Forget Depression Quest. For anyone who’s ever actually been depressed, or has had to help a loved one through it, there’s very little merit in constantly reinforcing the finer points of just how shitty everything is for them, and how very difficult simple tasks can appear to be. It’s all about the light at the end of the tunnel, the hope that one day it’s going to be better and despite the rather hopeless (at least, at first glance) title, Today I Die is a videogame experience that does a lot more than explain in pandering terms why it’s okay that you can’t do anything right, because you’re special. It’s a game about change for the better.
The game itself is simple enough, but has stunning impact. You take control of a pained, drowning protagonist, surrounded by ghosts, and though you have the option of changing her perspective, the only other options are just as bad, and just as painful. However, the game is not just about the changing of the player’s (and therefore the character’s) perspectives, but the opportunities that brings. Even a little bit of positivity can bring light to dark places, and that in turn can change the entire world around her.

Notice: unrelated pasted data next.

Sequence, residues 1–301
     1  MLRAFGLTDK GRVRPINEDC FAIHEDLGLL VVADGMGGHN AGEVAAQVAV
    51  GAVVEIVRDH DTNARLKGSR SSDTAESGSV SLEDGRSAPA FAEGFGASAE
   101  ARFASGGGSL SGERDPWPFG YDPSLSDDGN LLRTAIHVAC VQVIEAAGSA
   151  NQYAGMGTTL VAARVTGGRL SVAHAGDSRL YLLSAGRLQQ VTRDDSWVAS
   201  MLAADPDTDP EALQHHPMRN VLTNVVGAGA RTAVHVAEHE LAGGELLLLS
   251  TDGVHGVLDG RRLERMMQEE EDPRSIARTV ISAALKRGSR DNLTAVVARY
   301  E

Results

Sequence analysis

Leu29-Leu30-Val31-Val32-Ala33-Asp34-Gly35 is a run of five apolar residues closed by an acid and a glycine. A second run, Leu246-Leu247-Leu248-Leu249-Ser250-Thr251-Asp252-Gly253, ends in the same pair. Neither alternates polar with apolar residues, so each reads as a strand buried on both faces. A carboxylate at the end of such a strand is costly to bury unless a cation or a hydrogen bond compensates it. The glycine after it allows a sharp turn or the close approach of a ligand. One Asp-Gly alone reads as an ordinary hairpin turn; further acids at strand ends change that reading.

It’s heart-warming, really, changing the world, piece by piece, into something less despairing, and defying the shadows and ghosts that plague her. The ending isn’t exactly going to blow anyone’s mind, and is pretty predictable as far as they go, but the essence of Today I Die lies in the pure simplicity of it. Making things better is not something that is very often done in video games. They’ve recently come to pride themselves on being gritty and dark and edgy, and there’s something supremely enjoyable in taking part in an actually happy story, even if it is only for a few minutes.